U.S. Army Europe Asks Opinion Leaders to Support U.S. Forces in Europe During Heidelberg Conference
November 6, 2007
HEIDELBERG, Germany (Nov. 2, 2007) -- The U.S. Army Europe commander asked French and German opinion leaders to support the Army's presence in Europe during a conference here Oct. 30.
"The current plan that we're on takes us down to about 28,000 Soldiers. I go on record saying that's not enough to do our missions today," said Gen. David D. McKiernan, USAREUR commander.
McKiernan spoke at the 27th USAREUR-sponsored Legion of Merit conference, during which about 50 recipients of the medal received briefings on the transformation of U.S. forces in Europe and their leading role in the Global War on Terrorism.
"It is important to get these briefings ... so that we are informed and can, as Gen. McKiernan asked for this morning, 'preach the gospel' in our society and in the public when we have a chance," said retired German army Gen. Leopold Chalupa, who has attended every LOM conference since the first in 1980.
Chalupa and the other non-U.S. conference attendees have all earned the LOM, which is awarded to U.S. servicemembers and foreign military and political figures for exceptionally meritorious conduct - giving validity to the insights and thought-provoking questions the former senior Cold War leaders offered at the conference.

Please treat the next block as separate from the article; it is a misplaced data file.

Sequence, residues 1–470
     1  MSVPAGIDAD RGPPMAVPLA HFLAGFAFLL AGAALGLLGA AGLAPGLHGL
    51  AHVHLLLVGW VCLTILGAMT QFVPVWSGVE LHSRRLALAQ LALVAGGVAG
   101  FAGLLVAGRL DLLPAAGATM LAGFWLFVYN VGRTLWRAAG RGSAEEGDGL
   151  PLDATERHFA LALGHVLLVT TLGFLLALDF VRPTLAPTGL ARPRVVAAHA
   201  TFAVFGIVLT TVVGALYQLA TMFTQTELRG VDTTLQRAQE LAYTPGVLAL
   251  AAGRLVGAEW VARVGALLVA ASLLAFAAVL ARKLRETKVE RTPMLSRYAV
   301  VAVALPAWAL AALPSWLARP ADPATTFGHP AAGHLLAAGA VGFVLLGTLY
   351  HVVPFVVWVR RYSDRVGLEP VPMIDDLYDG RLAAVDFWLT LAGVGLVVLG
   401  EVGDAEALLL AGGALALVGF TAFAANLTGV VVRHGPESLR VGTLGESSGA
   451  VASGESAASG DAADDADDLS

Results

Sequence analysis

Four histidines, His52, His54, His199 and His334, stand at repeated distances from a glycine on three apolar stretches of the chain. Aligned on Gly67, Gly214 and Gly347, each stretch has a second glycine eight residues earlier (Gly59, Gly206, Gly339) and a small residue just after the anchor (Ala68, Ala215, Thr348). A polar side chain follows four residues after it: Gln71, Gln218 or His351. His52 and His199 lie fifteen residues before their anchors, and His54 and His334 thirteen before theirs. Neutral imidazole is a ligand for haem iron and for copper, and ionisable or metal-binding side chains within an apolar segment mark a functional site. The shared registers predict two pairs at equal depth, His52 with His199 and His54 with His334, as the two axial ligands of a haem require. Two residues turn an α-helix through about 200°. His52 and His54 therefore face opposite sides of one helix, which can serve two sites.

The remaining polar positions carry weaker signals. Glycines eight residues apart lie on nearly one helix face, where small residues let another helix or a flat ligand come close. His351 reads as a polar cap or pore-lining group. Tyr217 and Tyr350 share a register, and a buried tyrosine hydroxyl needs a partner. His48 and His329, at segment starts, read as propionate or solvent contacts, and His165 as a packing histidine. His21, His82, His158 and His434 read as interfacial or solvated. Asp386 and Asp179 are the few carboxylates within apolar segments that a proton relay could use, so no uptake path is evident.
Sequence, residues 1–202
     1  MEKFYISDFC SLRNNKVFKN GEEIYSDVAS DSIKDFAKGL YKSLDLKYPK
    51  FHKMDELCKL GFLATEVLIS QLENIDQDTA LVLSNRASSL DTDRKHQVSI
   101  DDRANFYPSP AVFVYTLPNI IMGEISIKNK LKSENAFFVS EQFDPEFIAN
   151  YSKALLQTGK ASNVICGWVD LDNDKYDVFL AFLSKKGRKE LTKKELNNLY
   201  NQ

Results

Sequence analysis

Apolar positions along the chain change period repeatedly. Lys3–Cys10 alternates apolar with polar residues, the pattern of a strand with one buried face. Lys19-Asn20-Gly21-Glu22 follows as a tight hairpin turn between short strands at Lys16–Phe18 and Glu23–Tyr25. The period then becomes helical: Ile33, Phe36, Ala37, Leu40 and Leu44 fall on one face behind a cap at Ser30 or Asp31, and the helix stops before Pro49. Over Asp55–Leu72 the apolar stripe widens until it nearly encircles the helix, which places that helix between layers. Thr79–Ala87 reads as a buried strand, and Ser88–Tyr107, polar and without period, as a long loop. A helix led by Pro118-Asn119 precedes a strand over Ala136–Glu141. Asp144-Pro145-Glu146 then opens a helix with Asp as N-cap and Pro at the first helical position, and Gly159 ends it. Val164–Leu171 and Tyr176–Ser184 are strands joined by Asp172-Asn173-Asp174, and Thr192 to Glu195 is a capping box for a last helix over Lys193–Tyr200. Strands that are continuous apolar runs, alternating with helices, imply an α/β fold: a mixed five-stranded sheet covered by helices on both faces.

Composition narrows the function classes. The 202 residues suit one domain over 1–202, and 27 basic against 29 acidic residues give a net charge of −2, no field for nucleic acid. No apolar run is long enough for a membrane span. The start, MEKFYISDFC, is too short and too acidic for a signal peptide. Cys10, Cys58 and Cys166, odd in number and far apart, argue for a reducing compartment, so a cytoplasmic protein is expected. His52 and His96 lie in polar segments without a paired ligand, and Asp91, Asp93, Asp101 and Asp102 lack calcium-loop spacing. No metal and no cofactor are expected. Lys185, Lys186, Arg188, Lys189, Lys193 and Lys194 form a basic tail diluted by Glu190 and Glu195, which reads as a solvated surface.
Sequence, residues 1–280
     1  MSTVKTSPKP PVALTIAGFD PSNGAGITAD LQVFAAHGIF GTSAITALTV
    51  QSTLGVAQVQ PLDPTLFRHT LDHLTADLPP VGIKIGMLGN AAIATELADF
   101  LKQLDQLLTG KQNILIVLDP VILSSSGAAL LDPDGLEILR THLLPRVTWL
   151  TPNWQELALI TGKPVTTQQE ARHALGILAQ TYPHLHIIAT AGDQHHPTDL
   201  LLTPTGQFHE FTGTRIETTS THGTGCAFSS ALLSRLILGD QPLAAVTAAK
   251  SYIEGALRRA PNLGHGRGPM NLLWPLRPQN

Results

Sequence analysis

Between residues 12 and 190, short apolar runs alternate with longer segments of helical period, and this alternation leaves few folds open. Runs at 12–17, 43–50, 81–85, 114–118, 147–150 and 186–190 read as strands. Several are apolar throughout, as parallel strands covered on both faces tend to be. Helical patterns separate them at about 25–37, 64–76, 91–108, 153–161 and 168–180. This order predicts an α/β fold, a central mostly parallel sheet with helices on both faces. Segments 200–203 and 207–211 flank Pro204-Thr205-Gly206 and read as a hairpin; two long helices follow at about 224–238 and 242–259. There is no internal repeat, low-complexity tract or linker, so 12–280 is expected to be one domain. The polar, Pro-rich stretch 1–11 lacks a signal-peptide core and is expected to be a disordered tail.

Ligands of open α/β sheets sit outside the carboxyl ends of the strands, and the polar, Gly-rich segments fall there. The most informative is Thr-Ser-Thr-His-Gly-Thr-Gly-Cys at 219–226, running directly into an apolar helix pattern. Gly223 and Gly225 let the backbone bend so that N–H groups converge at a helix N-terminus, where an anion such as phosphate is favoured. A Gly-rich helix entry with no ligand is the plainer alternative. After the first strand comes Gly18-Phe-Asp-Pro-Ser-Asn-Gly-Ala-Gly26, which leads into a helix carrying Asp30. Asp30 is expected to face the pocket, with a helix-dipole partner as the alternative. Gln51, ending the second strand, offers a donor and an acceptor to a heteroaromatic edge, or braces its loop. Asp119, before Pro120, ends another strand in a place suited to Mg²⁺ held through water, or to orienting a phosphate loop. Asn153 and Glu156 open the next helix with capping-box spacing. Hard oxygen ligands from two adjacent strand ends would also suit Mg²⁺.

Discussion was open and frank, including topics such as the role of private security forces in GWOT; generals speaking out against the Army after retirement; and how the U.S. deals with opposing viewpoints from allied parliaments.
Other topics included retention plans, counter-improvised explosive device training, theater security cooperation, Joint Task Force-East, and USAREUR's role in NATO.
"I think it's really something great when we combine senior members of our military together with former senior members of other militaries (to exchange ideas)," said Col. Kevin Beerman, USAREUR engineer.
Given the role allied forces continue to play in U.S. operations worldwide, such interaction with foreign military leaders remains a central reason for holding the annual conference, especially since it falls in line with one of McKiernan's main objectives: building tomorrow's coalitions.
"Making the relationships that form our coalitions is important," McKiernan said. "Who I am today as a leader I credit to the exposure I've had not just to U.S. leaders, but to leaders of all NATO countries."